Running user interviews and usability tests early and often is critical to product success. We even test sketches to get a feel for flows and mental models. The earlier the stage, the more we're testing the problem/solution fit and gathering research on potential users. The later the stage, the more we're testing actual usability of the product.
User interviews and usability tests are the most effective way to test a product's viability and usability. By continually testing it verifies that the product and team are focused on solving people's real problems and creating a great user experience for the product. We've found that having a testing plan early is the best way to consistently run user interviews and usability tests during the project. A starting point for the project's interviews and testing should be biweekly. This sets the expectation that interviews and testing are needed and the team should discuss if that plan will work for their individual project. Testing should always accommodate the users and project needs.
We're testing the software, not you.
Usability is the measure of how easy it is for a user to reach an outcome.
We think about usability testing similarly to test-driven development: writing falsifiable outcomes for users. Our outcomes are written in the form of a script that's written in the same way as a jobs story.
When I arrive at work I want to review the team's status updates so I can help any blocked teamates.
Once the script is written, we find testers.
The most representative candidates are going to be sourced from our existing userbase. Send out a tweet, add a banner to our site, or add a link to our newsletter. Even pre-launched projects have a mailing list to use.
When we have trouble sourcing or aren't interested in existing users, craigslist can be effective to find candidates. Our office manager puts a posting on craigslist, schedules them to come into our office, and pays them $30 for their time after the test.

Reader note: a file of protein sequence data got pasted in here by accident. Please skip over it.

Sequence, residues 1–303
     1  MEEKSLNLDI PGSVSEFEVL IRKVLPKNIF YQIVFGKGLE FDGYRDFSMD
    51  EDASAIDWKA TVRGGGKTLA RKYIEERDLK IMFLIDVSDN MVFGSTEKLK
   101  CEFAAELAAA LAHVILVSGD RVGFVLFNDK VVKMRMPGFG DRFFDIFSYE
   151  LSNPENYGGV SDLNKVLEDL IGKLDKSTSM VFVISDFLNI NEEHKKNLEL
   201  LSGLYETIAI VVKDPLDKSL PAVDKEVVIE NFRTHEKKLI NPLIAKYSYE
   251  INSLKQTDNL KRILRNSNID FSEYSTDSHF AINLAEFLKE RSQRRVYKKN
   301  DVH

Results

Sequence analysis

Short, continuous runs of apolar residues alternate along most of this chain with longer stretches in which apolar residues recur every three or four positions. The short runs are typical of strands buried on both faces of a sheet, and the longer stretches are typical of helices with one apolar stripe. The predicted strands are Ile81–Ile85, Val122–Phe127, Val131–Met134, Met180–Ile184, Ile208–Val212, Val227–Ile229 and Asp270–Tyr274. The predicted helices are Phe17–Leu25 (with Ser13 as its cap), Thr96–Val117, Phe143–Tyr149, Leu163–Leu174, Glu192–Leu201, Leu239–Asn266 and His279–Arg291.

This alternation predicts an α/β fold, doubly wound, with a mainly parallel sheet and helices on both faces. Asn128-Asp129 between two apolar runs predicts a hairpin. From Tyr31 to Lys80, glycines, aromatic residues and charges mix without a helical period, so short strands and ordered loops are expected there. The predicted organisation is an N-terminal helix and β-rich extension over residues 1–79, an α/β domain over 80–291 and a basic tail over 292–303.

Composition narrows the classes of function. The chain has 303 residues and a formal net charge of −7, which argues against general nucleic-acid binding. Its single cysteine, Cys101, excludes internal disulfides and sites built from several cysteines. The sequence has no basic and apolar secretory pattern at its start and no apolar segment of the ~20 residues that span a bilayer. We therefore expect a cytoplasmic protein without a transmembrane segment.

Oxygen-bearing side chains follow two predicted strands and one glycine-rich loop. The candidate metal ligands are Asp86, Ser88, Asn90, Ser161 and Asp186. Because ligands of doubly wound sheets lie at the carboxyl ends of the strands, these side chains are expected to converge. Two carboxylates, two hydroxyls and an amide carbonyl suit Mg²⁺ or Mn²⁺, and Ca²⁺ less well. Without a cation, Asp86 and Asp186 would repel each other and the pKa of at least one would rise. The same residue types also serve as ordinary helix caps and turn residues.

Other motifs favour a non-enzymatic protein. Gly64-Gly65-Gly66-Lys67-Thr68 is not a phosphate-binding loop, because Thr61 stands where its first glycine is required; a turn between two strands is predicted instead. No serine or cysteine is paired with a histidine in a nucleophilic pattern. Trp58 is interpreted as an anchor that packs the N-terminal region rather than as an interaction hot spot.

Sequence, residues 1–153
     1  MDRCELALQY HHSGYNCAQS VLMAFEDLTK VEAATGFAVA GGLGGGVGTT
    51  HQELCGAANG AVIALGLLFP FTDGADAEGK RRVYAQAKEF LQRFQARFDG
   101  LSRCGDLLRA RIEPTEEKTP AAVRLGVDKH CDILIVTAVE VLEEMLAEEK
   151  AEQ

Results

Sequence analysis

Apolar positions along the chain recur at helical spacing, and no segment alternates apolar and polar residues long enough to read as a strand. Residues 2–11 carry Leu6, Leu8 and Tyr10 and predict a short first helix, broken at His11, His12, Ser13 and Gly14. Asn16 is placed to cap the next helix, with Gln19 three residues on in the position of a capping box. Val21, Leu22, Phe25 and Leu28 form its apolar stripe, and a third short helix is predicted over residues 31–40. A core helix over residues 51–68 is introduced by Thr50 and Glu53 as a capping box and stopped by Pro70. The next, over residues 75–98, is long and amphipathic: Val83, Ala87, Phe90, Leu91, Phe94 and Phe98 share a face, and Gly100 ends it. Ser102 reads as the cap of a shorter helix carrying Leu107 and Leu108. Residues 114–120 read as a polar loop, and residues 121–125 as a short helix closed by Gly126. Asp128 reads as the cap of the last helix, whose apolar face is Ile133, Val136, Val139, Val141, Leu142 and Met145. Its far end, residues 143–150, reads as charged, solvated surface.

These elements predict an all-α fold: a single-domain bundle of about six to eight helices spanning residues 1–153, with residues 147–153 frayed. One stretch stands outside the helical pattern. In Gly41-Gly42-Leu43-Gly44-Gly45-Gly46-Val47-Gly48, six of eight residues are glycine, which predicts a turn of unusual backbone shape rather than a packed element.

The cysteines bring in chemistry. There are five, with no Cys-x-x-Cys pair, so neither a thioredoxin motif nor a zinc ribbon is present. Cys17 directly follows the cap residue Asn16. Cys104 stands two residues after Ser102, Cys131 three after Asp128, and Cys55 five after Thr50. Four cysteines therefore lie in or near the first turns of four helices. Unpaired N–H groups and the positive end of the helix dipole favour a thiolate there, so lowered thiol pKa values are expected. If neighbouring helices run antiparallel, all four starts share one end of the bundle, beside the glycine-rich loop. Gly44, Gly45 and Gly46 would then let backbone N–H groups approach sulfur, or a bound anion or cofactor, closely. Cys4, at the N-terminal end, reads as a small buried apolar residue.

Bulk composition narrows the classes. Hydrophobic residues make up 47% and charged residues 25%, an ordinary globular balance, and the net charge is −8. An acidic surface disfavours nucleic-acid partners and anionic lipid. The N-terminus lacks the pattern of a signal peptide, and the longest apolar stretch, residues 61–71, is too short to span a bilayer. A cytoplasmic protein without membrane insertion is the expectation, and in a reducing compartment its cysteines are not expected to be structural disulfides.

We have a simple template for finding people on craigslist.
After the tester has arrived, we introduce ourselves and explain the process. There's no need to be strictly formal, we want them to be at ease. To have a relaxed user test, it's important to remind the user of a few things:
- "We are looking for your honest feedback."
- "None of what you're about to see was made by me. There's no way you can hurt my feelings."
- "We're testing the software, not you. It's not user testing, it's usability testing."
If we are filming them, we ask them to sign a simple consent form.
Once underway, we ask them to say out loud what they're thinking as they're using the software, which can feel unnatural but is important. While running the session, the only reasons to speak are to get them to talk out loud again, ask questions, and provide them with outcomes to achieve.
We should avoid leading questions such as "Was this task difficult for you?" but should ask follow-up questions. For example, if someone says "That's awesome!", we shouldn't silently pat ourselves on the back. We should say "Why is it awesome for you?" We are seeking understanding.
After the session, we look back at our notes to identify the top handful of problems and fix them before the next round of usability tests. If there's a problem revealed with the navigation, there's a temptation to totally re-do it. We try to resist that urge and come up with less drastic changes.
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